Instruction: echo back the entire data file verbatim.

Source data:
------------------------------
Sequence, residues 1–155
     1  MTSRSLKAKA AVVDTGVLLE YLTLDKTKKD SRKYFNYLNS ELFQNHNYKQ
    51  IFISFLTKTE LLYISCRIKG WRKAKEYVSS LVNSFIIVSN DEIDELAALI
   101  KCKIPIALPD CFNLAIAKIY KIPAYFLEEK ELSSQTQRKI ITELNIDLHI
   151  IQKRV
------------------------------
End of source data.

Sequence, residues 1–155
     1  MTSRSLKAKA AVVDTGVLLE YLTLDKTKKD SRKYFNYLNS ELFQNHNYKQ
    51  IFISFLTKTE LLYISCRIKG WRKAKEYVSS LVNSFIIVSN DEIDELAALI
   101  KCKIPIALPD CFNLAIAKIY KIPAYFLEEK ELSSQTQRKI ITELNIDLHI
   151  IQKRV